More recently, we’ve seen gifted musicians like Kurt Cobain and Elliott Smith take their own lives after struggling with depression.

There are many, many others who fit the cliché (Tchaikovsky, Billie Holiday, Joy Division’s Ian Curtis…the list goes on and on). Why are there so many artists and musicians that struggle with depression and other forms of mental illness?

Anthony Storr was a British psychiatrist who wrote about music and mental illness in his book Music and the Mind. He suggested that there might be a link between mental illness and creativity – he wrote: “The ability to think creatively, to make new links between concepts, is more often found in families which include a member who is diagnosable as mentally ill.”

I can’t be absolutely certain, but I’d be surprised if Schumann, Cobain and Smith weren’t at their happiest when they were writing and playing music. We’ve all experienced a moment in our lives when music has helped us get through a rough patch; when listening to or singing a particular song has just seemed to simultaneously hurt so good and help mitigate the pain.

Is it also possible that, for Schumann, Cobain and Smith, music was almost like self-medication, a treatment for their mental ailments?

I put together a short musical essay about music and mental illness that first aired on CBC Radio 2′s In Concert on Sunday October 24th, 2010. For info on all the music I used in the piece, please look here and scroll down to the list of musical works.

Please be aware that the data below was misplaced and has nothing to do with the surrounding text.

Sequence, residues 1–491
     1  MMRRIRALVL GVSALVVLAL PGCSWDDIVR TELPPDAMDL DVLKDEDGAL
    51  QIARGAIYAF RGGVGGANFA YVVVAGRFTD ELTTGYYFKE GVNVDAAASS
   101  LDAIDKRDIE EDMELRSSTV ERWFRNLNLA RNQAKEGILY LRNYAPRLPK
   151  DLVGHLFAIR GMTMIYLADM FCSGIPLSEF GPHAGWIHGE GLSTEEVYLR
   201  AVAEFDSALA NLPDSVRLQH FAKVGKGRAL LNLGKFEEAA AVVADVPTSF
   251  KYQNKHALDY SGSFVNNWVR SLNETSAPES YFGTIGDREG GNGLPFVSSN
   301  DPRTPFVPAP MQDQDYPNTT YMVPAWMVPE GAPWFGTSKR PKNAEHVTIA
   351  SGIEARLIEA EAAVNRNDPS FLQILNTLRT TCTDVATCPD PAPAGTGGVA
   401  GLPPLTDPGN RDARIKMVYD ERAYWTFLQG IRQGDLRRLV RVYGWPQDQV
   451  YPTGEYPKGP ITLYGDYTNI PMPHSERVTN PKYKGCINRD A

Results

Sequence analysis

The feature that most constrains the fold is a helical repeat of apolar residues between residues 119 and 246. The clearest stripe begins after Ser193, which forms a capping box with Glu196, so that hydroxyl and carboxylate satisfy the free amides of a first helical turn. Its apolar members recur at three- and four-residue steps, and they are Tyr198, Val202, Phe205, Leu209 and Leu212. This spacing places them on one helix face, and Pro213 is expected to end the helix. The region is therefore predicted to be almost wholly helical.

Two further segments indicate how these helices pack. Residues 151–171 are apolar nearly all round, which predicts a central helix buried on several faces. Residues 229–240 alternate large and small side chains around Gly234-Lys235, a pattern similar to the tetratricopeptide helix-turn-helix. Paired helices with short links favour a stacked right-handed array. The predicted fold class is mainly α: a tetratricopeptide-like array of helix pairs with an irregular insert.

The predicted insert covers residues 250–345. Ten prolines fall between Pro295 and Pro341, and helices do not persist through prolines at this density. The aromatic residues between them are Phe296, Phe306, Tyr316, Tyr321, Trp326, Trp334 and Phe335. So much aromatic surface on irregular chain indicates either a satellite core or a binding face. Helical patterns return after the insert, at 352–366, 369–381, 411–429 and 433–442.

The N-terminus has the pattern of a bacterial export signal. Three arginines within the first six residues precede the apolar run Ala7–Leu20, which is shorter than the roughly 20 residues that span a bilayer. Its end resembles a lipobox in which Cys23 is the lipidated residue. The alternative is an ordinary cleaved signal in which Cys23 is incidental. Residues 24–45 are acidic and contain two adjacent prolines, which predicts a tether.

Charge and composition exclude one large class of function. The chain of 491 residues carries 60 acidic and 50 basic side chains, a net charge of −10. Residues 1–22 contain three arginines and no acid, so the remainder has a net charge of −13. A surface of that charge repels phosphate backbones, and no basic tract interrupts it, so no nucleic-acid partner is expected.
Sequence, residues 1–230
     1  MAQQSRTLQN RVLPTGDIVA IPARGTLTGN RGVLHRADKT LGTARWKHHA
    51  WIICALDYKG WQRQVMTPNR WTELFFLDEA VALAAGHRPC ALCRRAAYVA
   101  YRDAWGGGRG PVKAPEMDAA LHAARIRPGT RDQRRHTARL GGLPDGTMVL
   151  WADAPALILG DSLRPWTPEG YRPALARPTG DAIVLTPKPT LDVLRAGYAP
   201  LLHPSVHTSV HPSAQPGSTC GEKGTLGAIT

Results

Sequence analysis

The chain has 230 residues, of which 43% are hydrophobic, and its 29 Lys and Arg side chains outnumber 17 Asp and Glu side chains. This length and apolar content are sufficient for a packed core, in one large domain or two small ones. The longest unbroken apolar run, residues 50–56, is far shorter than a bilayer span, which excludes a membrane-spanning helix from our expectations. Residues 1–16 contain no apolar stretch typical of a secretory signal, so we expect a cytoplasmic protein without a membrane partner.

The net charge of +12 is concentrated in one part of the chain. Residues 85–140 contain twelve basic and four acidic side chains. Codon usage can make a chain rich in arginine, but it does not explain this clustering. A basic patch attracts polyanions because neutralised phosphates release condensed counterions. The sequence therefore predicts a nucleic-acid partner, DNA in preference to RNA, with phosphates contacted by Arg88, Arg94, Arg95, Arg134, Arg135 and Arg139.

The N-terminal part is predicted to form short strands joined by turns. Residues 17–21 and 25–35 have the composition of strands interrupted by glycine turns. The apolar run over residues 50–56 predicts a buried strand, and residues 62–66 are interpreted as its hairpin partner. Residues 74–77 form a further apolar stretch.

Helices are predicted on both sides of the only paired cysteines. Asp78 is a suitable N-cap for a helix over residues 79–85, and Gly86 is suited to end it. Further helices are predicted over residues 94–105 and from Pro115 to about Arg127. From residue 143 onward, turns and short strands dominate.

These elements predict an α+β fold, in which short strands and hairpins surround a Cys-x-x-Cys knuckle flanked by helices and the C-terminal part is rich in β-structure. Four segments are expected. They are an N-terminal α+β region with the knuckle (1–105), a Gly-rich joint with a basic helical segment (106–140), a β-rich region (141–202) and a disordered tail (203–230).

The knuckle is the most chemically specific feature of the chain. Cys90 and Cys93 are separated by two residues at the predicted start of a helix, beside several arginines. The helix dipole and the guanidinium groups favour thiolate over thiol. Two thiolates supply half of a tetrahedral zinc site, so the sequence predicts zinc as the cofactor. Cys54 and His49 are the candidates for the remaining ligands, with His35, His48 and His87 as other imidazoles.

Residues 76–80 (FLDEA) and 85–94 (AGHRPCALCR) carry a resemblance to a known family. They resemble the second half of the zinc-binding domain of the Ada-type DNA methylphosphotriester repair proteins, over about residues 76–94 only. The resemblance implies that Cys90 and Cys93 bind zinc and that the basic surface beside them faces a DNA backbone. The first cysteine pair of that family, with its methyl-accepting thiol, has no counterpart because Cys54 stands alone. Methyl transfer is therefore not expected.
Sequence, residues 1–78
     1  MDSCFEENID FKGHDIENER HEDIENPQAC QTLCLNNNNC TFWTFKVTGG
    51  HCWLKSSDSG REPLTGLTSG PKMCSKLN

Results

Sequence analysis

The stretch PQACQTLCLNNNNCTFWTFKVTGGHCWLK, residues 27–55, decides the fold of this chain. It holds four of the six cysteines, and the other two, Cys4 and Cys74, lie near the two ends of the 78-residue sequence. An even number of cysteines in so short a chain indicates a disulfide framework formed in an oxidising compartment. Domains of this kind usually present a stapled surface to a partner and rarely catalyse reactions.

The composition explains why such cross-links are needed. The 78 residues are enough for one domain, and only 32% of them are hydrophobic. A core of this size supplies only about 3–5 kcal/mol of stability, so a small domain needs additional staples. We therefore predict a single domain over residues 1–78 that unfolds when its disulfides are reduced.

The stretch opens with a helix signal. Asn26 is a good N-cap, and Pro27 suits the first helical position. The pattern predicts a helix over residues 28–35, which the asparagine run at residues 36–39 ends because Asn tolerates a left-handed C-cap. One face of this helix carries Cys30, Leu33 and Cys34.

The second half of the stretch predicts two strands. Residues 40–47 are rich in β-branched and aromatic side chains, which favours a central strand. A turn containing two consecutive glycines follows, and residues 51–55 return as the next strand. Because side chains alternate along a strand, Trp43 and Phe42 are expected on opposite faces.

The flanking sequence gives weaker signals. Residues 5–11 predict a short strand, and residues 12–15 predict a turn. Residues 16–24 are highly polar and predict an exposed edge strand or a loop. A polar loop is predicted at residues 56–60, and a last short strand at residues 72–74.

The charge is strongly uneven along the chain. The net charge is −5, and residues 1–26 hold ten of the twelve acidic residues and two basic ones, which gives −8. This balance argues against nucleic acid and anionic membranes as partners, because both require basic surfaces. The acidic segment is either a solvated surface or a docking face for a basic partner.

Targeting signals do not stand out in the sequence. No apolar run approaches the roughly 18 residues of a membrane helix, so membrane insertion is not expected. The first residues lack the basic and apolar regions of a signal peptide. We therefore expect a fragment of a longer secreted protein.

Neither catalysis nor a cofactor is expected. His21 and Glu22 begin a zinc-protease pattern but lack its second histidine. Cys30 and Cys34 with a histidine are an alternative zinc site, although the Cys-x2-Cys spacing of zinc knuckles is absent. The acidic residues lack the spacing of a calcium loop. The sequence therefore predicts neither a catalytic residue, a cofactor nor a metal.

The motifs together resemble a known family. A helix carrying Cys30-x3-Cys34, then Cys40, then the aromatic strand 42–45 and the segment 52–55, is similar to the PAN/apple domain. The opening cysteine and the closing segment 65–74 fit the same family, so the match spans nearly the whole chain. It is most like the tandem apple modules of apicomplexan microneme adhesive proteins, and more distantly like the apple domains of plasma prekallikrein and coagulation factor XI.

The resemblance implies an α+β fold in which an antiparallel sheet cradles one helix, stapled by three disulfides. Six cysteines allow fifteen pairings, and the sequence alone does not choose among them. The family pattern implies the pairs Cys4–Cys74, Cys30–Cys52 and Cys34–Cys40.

I’m thrilled to announce that my documentary The Sound and the Sea has won a Silver Medal for Best Sound at the 2010 New York Festivals Radio Program and Promotion Awards.

I produced it last year for CBC Radio’s The Current. It was based on my original audio artwork Ode to the Salish Sea. Producing it in documentary format allowed me to explore more deeply the story of the Salish Sea and its various proponents and opponents as a new name for the inland waters stretching from Olympia, WA to Campbell River, BC.

The Salish Sea became an official geographic name in July, 2010, overlaying but not replacing existing place names like the Strait of Georgia and Puget Sound, which also remain official.

The sound design of The Sound and the Sea was inspired by the diversity and beauty of the Pacific Northwest.